Can you treat head lice using essential oils?
There are a few different essential oils that are recommended as a home remedy for head lice. There are also quite a few issues with using them. Firstly, undiluted essential oils can be very dangerous – people have experienced burns, blisters, rashes, headaches, nausea and vomiting through the use of essential oils directly on the skin and scalp. Once you’ve reacted to a particular essential oil, you will also always be allergic to that oil – which can be a problem in the future, if you unwittingly buy a product containing it.
Even when using diluted essential oils you should be extremely cautious, and dilute far more than you would for an adult. In fact, many doctors say that you should never use essential oils on children at all.
With those risks covered, the next question is are essential oils effective at treating lice and nits? The oils that are suggested cover quite a range – from tea tree and lavender to cinnamon and nutmeg. The home remedies that recommend them tend to fall into two camps – either they recommend mixing the oils with olive oil and saturating the hair, or they suggest mixing with rubbing alcohol and spraying the hair.
As you can see, the essential oils themselves are just a variation on the olive oil and Listerine methods, and with such a wide range of oils suggested – clove, eucalyptus and red thyme are also mentioned – it’s unlikely that it’s the essential oils themselves that have any effect.
Tea tree oil is the most commonly recommended oil, and in the past it may have been effective although there is no scientific evidence to back that claim. It contains a compound called anticholinesterase, which is believed to have helped kill lice. Unfortunately, this ingredient no longer works as lice have become resistant to its effects, in the same way that many formerly-useful over the counter remedies have become ineffective through lice resistance.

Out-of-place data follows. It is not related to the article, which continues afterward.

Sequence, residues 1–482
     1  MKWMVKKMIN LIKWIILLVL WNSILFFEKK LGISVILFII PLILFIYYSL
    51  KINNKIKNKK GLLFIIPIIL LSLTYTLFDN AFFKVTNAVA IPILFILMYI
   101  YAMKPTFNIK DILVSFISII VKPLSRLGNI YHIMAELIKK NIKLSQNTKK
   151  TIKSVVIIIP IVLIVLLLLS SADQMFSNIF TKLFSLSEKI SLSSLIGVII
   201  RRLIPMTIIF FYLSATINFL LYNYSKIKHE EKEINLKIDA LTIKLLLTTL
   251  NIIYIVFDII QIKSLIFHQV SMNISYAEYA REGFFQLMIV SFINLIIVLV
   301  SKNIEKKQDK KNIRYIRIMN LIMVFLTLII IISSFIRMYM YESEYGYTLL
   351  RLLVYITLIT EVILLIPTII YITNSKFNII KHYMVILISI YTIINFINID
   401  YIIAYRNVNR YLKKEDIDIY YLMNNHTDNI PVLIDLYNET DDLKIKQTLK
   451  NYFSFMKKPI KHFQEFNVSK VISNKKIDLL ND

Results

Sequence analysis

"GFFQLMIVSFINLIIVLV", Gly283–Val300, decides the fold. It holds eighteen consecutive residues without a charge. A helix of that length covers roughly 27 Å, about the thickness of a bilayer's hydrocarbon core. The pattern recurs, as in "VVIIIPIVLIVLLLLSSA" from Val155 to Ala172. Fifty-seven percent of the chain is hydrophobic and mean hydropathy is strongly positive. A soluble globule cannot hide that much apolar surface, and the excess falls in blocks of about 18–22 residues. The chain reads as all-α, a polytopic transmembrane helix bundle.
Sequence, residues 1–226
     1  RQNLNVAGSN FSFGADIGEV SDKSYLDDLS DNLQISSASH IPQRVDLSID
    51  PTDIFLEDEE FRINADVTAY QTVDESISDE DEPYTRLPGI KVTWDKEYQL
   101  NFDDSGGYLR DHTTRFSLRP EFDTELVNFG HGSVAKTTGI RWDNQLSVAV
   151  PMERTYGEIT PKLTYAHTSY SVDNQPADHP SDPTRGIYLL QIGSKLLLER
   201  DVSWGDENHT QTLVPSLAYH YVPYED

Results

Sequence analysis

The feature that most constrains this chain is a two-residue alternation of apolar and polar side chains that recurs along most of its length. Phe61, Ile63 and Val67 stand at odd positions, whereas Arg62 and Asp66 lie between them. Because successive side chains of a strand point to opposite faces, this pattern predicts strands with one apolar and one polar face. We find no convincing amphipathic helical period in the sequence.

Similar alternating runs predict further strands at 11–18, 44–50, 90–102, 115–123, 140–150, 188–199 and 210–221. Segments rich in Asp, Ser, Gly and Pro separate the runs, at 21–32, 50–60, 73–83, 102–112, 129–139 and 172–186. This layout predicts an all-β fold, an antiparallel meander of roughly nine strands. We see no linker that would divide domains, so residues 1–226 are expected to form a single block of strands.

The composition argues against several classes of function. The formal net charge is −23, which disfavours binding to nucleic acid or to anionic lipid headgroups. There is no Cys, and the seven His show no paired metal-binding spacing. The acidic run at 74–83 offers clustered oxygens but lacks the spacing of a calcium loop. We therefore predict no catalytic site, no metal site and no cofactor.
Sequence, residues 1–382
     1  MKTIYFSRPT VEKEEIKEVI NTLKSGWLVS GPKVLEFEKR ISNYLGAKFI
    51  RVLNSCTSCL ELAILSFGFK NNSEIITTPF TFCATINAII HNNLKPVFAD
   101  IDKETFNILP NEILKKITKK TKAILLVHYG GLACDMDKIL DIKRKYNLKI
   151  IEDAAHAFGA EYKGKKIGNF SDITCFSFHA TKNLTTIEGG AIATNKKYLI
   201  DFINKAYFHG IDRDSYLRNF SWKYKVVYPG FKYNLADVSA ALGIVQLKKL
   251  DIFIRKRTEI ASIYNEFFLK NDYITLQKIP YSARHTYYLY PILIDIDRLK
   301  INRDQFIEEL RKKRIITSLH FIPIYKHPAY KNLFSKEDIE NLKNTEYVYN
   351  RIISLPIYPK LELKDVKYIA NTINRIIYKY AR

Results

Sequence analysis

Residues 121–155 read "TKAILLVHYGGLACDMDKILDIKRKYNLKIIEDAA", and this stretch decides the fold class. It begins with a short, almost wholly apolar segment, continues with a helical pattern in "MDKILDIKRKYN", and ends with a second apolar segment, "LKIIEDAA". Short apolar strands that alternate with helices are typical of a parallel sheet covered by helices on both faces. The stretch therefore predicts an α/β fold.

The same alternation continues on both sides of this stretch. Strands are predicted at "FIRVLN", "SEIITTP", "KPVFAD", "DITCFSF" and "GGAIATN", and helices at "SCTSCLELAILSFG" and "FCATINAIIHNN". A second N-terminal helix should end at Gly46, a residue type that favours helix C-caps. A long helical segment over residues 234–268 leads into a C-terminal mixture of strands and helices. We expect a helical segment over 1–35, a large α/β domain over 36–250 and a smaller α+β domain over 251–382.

Home remedies that work for head lice
You may be reading this thinking ‘but I’ve heard that some of these methods really do work, my friend used olive oil and got rid of her children’s lice.’ All of the sites that recommend different techniques have testimonials and success stories, and it’s hard not to think that some of them must be right, that there must be something to these remedies. And you’re right, but it might not be what you think.
Let’s look at something all of these remedies have in common. All of the advice includes using a nit comb and combing through the hair to remove the eggs once you’ve done the home remedy part of the treatment.
This is the part that’s actually effective. Using olive oil or conditioner might help make it easier to comb through the hair, especially if it’s thick or curly, but it’s the act of physically removing the lice and nits that gets rid of them. Essential oils might make everything smell a bit nice, mayonnaise might do the opposite, but on their own they’re not effective strategies for treating a head louse infestation. Patience and combing are.